It seems like an eternal winter here in Detroit. The Associated Press, citing a National Weather Service analysis, reports Detroit is experiencing the most extreme winter of any city in the country. I don't know about that, but this winter is "getting real up in here."
At Holy Redeemer, the church just north of Detroit where I serve as pastor, the weather has impacted 9 of 12 Sundays since Dec. 15. It's hindered our ability to gather for worship, dented budgets, and made it hard to maintain community.
You can set your watch by the storms that arrive late on Saturday night and clear by Sunday afternoon.
Yet, time and again the congregation at Holy Redeemer manages to surpass my wildest expectations of faithfulness.
This past Sunday they preached a far more eloquent sermon than the one I'd prepared on the meaning of Transfiguration and the responsibility we have for what we have witnessed in Jesus Christ.
I drove across town this morning before church, in the storm, to pickup a homeless man from a shelter in Pontiac. When he got into the car at a dance hall that lets the shelter-less sleep at overnight, a young man leaned into the car and asked, with excitement, if he, too, could come to church.
He looked very rough and smelled worse. It's good for me to admit I hesitated a second, but found myself saying, "Of course, jump in."
I make no pretense to comfort with the uncomfortable, especially when I am taking a very real risk also on behalf of those I serve, but I do know it's more than my privilege to welcome in the name of Jesus Christ.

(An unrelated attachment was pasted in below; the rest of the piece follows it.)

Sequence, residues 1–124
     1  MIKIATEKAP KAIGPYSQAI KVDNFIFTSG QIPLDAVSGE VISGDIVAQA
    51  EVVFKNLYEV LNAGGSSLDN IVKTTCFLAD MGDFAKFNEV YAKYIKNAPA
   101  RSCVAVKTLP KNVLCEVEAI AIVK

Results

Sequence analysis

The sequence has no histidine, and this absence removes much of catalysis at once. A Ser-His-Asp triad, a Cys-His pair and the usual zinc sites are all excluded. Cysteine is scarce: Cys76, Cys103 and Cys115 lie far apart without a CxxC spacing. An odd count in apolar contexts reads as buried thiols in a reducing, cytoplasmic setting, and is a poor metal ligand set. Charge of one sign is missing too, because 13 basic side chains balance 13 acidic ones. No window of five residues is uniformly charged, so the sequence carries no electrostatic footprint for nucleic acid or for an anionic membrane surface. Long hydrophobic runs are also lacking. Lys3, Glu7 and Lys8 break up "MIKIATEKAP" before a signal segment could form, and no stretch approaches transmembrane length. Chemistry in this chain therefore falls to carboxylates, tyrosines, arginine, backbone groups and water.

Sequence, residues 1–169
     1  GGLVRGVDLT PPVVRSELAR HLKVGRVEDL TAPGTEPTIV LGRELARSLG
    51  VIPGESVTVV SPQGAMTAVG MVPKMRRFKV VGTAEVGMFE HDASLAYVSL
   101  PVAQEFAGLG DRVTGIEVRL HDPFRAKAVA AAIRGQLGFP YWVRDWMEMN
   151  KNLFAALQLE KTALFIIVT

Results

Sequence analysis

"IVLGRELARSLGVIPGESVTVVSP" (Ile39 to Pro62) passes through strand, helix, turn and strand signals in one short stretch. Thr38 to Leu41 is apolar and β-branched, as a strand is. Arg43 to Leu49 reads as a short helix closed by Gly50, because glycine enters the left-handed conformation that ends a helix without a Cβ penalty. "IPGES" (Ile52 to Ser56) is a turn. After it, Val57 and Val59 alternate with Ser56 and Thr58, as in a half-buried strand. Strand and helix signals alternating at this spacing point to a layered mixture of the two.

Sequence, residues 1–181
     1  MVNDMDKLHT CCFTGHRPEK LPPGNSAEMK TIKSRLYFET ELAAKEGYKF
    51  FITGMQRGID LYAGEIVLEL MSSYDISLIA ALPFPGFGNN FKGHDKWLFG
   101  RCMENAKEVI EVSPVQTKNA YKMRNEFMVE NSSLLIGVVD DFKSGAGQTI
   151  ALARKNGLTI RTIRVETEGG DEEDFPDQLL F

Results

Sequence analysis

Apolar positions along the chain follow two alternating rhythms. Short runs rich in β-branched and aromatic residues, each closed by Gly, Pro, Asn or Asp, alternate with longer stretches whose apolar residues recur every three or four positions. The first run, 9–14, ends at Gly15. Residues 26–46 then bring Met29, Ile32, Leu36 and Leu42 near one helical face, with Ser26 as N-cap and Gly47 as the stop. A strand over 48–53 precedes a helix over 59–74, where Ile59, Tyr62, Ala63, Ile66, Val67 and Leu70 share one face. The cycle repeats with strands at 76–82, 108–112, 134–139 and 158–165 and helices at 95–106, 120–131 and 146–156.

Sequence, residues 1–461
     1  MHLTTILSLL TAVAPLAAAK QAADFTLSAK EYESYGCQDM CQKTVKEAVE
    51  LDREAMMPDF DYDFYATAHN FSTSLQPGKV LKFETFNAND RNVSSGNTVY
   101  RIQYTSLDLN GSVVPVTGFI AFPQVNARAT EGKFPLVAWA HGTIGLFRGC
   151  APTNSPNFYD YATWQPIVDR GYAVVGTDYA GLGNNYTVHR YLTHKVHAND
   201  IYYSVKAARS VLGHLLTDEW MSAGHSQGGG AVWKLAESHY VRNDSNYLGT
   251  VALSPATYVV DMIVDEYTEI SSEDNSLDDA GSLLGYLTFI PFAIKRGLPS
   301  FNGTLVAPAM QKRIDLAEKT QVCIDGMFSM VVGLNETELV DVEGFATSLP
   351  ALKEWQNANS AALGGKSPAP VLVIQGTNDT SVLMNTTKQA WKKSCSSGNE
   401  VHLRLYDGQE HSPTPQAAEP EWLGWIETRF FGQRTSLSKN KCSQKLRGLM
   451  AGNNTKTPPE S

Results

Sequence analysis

This particular young man came to Holy Redeemer once before in early January. At that time, he was cleaner — he had a regular place to rest his head at the time — and was a lot calmer. He's now living in an abandoned house with no heat and no hot water and big gaps between meals. I'd probably look and behave the same way under the same conditions for weeks on end in all of this bitter cold.
As the service progressed, it was obvious that this young man's pain, frustration, and illness were going to spill over into our worship.
One by one, the people of Holy Redeemer stepped up.
A woman went to his pew and held his hand.
As I preached, one man after another went to this young man and prayed with him, put their hands on his shoulders, allowed him to pour out his tortured soul.
No one in the congregation got visibly nervous, no one left, and everyone was respectful and prayerful through the outbursts and erratic movement.
The concrete love of these men and women spoke louder than my words. And others heard the message.
A woman who was visiting for the first time, someone I would not have expected to say so, remarked on the special spirit of the church and how so many reached out to the man and welcomed him — how everyone worshipped despite the hurdles.
I know Holy Redeemer is a special sanctuary — what the Celts called a "thin place," where the veil between the world that is passing away and the world that is coming meet — and that the people who gather at Holy Redeemer make it deeper still — a lot deeper.
The real sermon amid this eternal winter, on that cold and snow-covered Sunday, was that the Word was present Sunday at Holy Redeemer, was made flesh in his body gathered, and Jesus Christ was making all things new.
After a big pre-Lenten lunch, I dropped the men off in Pontiac. A column of homeless persons were making their way from the shelter where they sleep to the shelter where they eat, down the middle of a snow-treacherous road with the now-blinding sun on their backs, bundled against the cold, with all their possessions in brown paper bags, marching in single file.
They are sheep without a shepherd but not these two — not the two I let out of the car. They have a shepherd, embodied in the people at Holy Redeemer. Praise God.
The Rev. Kenneth Tanner is pastor of Church of the Holy Redeemer in Rochester Hills, Michigan.
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